Learning and Teaching Swine Stockmanship to Undergraduates: A Laboratory Approach
Christian, A. E.
Swine stockmanship is an area of animal science that is not often taught to undergraduate students, though a large number of these students take jobs that involve working with pigs or involve managing people that work with pigs. Recent research has shown the importance of positive swine stockmanship in production settings. For three semesters, a total of eight sections (118 junior and senior students) were given a 90-minute laboratory on swine stockmanship. The lab was organized with a brief introduction using quotes about stockmanship; a minilecture reviewing the applicable research; a series of activities on pig handling, pig restraint, injections, flight zone, etc., and a role-playing exercise where the students put themselves in the roles of producer and pig. Students evaluated the relevance and importance of the lab and the methods used. The students gave the lab a rating of 4.46 (on a 5-point scale) for relevance and importance and 4.35 (on a 5-point scale) for innovation in teaching methods. Ninety-four percent of the students gave the lab a "4" or "5" score in these two areas. The mini-lecture and live-pig segments were ranked higher (about 4.4) than non-pig segments (about 3.6).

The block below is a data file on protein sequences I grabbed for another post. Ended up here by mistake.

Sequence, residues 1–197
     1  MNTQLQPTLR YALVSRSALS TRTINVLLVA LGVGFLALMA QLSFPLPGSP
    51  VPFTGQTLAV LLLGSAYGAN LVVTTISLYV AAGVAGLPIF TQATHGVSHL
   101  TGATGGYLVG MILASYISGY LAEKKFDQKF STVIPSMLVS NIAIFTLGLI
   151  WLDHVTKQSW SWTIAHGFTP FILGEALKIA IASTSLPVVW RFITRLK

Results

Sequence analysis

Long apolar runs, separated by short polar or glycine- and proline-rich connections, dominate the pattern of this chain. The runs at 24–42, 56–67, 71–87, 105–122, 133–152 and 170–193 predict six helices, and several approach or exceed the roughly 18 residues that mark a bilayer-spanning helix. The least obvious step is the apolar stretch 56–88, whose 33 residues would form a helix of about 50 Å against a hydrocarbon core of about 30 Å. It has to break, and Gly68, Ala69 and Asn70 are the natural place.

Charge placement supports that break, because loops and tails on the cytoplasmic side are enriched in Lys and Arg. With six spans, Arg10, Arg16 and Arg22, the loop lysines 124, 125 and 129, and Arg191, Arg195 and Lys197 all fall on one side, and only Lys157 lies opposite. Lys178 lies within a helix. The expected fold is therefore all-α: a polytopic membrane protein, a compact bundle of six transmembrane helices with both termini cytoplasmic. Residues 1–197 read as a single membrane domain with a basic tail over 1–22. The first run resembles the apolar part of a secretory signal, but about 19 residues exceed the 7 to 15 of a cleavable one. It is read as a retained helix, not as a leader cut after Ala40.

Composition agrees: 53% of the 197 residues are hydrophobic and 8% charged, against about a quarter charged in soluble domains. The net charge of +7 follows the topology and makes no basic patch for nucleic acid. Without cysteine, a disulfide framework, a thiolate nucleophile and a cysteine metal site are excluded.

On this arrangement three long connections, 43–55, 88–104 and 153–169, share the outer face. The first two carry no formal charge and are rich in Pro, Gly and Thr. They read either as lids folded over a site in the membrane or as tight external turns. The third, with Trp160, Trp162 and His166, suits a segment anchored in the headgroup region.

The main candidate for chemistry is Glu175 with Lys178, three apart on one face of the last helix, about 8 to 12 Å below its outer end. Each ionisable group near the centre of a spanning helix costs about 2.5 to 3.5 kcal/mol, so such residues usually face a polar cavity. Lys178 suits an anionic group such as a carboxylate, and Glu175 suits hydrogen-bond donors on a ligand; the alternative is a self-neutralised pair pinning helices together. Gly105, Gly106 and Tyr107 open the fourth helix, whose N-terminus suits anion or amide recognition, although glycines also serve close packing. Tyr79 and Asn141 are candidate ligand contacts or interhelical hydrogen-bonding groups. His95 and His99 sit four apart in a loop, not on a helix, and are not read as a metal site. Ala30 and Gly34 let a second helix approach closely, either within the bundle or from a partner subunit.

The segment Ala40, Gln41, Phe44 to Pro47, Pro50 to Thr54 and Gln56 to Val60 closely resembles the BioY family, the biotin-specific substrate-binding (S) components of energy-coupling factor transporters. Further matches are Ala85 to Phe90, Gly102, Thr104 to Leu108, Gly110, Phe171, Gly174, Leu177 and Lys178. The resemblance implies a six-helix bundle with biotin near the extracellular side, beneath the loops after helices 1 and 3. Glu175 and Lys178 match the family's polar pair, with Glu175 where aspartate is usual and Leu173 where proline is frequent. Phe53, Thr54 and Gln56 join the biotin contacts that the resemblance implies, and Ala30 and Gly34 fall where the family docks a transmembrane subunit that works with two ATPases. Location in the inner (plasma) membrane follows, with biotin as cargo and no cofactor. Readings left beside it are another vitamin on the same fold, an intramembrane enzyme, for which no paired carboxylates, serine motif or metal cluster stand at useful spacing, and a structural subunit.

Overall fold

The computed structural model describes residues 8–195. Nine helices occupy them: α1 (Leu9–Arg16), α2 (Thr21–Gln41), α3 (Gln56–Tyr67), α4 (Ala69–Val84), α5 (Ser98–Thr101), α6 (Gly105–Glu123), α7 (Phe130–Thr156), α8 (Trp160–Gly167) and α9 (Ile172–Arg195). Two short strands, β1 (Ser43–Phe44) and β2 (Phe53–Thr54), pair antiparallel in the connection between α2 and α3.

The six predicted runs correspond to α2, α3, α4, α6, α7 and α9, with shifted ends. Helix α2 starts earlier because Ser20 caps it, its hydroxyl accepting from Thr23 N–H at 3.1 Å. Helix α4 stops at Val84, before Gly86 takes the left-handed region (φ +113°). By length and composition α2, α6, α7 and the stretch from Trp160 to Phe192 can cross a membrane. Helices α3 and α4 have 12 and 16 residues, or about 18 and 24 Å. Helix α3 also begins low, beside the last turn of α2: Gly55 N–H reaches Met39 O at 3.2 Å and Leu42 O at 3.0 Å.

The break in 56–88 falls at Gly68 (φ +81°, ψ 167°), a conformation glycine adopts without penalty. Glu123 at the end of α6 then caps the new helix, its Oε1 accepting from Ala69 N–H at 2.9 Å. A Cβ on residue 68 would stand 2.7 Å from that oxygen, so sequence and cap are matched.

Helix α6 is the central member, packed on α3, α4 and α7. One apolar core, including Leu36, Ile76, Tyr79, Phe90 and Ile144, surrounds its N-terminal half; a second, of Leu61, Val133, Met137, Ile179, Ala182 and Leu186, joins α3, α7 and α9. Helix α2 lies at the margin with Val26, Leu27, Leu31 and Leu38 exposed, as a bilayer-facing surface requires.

This article is published as Honeyman, M. S., and A. E. Christian. "Learning and teaching swine stockmanship to undergraduates: A laboratory approach." NACTA Journal (1999): 35-39. Posted with permission.